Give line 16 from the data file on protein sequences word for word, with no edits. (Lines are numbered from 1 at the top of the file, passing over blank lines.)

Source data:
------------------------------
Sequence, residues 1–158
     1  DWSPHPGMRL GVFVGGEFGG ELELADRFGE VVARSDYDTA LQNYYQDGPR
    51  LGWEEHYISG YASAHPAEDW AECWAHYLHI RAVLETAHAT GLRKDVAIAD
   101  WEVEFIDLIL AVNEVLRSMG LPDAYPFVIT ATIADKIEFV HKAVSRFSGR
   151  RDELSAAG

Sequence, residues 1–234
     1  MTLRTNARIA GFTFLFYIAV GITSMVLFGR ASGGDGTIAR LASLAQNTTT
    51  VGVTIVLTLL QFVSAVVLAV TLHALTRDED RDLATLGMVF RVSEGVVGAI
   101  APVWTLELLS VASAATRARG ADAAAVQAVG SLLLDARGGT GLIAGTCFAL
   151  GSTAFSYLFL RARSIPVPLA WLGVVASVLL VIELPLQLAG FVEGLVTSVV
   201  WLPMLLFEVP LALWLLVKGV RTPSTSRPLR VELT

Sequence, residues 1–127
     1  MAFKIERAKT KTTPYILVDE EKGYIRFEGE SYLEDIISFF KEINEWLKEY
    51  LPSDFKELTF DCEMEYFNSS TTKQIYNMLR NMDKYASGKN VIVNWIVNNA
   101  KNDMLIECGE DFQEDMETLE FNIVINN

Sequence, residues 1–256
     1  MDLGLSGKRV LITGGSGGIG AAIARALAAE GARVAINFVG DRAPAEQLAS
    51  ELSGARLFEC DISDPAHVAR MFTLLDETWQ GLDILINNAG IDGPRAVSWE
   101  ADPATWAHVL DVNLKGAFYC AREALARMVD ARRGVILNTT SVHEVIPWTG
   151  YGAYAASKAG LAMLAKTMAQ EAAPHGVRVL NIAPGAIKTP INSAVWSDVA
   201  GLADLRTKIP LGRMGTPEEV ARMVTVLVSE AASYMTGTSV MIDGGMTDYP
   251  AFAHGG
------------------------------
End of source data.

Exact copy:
Sequence, residues 1–256